Janet Satterthwaite reports on an important rule change from the USPTO affecting overseas trade mark applicants.
As of 3 August 2019, foreign-domiciled applicants must appoint US counsel to prosecute their trade mark applications. A “foreign-domiciled applicant” is an entity with its principal place of business outside the United States or an individual with a permanent legal residence outside the United States.
The change was announced by the USPTO on 2 July (read the announcement here).
Who is affected?
MARQUES members with in-house legal teams who do their own global filings will probably be most affected by this new rule.
What do you need to know?
- You may still file an application without US counsel unless you want to use the TEAS PLUS form, but you will get an office action requiring you to appoint US counsel.
- You may still designate the US on an International Registration under the Madrid Protocol without US counsel for now, because WIPO has not yet added a line to the form for you to designate US counsel. If your application is in a condition to register without an office action, you will be grandfathered in, but according to the US Trademark Office, only around 3% of US designations sail through without an office action. For all other applications, you will get an office action requiring you to appoint US counsel.
- Timing: The rule applies to applications filed before, but still pending on, 3 August, if an office action has issued. If you filed an application before 3 August that does not require an office action, you do not need to appoint an attorney.
- Inter Partes: This rule also applies, in addition to appeals, to oppositions and cancellations. If you are involved in one of these, the Board will suspend the case and issue an order requiring you to appoint US counsel.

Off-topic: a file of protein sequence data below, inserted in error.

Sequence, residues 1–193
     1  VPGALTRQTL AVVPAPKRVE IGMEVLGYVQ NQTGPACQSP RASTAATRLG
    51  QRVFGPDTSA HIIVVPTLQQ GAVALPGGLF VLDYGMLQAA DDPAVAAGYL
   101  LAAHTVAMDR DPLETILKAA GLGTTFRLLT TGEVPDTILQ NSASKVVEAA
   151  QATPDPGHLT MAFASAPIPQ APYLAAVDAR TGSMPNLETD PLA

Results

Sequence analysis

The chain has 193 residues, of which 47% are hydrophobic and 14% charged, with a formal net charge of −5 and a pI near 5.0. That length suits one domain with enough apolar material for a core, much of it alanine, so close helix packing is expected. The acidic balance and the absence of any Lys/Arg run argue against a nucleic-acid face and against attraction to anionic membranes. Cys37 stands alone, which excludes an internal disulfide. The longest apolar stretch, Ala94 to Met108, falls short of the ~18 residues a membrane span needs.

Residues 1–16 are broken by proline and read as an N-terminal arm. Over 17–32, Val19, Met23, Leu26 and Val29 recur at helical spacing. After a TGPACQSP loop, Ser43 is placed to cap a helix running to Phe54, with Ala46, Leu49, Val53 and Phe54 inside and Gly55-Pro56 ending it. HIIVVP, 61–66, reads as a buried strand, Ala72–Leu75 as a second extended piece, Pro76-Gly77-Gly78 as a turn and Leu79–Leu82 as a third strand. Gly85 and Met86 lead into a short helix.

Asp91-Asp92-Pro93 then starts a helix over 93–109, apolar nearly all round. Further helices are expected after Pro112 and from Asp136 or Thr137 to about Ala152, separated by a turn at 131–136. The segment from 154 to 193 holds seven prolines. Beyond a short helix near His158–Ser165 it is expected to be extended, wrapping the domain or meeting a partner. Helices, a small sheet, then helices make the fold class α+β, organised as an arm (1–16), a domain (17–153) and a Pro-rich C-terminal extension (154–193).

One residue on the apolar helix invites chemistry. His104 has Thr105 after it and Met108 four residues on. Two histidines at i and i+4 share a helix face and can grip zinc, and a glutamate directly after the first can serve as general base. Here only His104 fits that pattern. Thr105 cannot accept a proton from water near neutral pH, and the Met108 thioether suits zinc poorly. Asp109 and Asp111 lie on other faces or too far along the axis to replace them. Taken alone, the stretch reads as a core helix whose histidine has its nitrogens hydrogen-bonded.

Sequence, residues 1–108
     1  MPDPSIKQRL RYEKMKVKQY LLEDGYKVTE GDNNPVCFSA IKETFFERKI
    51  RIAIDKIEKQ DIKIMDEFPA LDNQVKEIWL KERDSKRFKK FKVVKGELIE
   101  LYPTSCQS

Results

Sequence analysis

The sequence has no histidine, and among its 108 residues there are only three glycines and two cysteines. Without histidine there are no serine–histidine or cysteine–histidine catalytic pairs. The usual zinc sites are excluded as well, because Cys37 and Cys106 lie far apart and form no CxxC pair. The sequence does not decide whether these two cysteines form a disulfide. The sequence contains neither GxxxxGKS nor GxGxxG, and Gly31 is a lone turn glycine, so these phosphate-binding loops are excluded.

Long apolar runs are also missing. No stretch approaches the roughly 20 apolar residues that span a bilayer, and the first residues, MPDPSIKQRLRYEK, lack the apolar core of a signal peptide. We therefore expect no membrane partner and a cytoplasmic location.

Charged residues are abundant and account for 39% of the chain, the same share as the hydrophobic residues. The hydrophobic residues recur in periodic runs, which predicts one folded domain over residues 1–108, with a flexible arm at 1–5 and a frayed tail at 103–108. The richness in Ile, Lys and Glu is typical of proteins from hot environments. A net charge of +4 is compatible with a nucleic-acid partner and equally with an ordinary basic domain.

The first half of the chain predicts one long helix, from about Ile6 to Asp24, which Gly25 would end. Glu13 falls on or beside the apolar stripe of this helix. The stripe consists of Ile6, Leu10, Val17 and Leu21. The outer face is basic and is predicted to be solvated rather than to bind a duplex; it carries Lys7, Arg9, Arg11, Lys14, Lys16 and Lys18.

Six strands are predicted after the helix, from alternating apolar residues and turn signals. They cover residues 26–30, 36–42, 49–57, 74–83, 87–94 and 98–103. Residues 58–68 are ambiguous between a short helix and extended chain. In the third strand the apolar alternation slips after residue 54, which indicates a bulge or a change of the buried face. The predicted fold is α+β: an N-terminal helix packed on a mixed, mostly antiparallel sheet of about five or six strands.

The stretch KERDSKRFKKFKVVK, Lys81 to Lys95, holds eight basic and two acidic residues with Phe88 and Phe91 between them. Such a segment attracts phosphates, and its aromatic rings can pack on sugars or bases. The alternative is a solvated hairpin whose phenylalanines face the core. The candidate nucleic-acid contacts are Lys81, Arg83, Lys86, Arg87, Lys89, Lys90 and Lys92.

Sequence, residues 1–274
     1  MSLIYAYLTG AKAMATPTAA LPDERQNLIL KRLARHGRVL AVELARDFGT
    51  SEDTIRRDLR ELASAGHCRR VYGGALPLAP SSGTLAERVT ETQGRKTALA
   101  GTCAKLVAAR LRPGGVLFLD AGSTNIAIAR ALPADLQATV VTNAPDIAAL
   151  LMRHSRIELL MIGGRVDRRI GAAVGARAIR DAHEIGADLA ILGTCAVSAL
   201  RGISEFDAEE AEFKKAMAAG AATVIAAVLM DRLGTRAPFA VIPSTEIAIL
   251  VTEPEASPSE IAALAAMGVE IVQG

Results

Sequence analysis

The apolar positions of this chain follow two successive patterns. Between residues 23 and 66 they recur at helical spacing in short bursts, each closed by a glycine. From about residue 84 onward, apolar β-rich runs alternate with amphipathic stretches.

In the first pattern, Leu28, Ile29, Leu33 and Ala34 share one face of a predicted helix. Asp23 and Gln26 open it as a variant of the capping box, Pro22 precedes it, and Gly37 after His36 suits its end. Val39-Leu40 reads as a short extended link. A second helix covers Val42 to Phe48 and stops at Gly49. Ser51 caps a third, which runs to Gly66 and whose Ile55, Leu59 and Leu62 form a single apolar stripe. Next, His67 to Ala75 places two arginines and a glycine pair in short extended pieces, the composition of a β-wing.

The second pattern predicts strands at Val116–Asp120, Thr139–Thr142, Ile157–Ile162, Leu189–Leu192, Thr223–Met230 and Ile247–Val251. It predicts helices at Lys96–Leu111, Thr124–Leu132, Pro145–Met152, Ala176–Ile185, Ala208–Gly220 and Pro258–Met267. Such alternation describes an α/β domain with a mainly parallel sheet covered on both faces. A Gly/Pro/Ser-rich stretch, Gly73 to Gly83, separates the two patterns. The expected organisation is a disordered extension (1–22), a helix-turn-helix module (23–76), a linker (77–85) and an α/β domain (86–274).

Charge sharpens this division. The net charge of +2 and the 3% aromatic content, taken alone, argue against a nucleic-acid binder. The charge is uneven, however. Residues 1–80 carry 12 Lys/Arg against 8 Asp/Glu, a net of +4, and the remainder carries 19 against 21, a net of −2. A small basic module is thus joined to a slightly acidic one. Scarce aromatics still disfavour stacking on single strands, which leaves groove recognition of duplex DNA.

Why is this happening?
It is the trademark equivalent of law-abiding people having to put their toothpaste in a plastic bag and remove their shoes before getting on an aeroplane.
While most jurisdictions do not require a showing of use to register or renew a registration, this is still an important concept in the US, which still strongly bases even registered rights on common-law use. There has been a surge of fraudulent filings and renewals at the USPTO claiming use where there is no use, with fake specimens, or where the person signing does not have authority to sign. Here is the USPTO’s stated justification as set forth in the Federal Register, which publishes new Agency rules:
[I]n the past few years, the USPTO has seen many instances of unauthorized practice of law (UPL) where foreign parties who are not authorized to represent trademark applicants are improperly representing foreign applicants before the USPTO. As a result, increasing numbers of foreign applicants are likely receiving inaccurate or no information about the legal requirements for trademark registration in the U.S., such as the standards for use of a mark in commerce, who can properly aver to matters and sign for the mark owner, or even who the true owner of a mark is under U.S. law. This practice raises legitimate concerns that affected applications and any resulting registrations are potentially invalid, and thus negatively impacts the integrity of the trademark register (84 FR 31498 (2 July 2019)).
The USPTO no longer wants to place the burden on applicants, for example to petition to cancel blocking registrations where the mark is clearly not in use.
Indeed, a corollary to the 2 July announcement is a new four-page Examination Guide, also dated July 2019, educating examiners on how to spot a fake or digitally altered specimen.
Surge of fraudulent applications
The same problems and misunderstandings about what is use in commerce and who is the owner of a mark also pertain to applicants domiciled within the US who file without an attorney. But the surge of fraudulent applications from foreign applicants prompted the rules. A number of US attorneys have even reported being contacted by a foreign individual asking to pay to use their US law firm address to do their US filings.
Janet Satterthwaite is a Partner of Potomac Law Group and a member of the MARQUES IP Emerging Issues Team. The illustration is by Marcelo Cozzolino (Wikimedia Commons)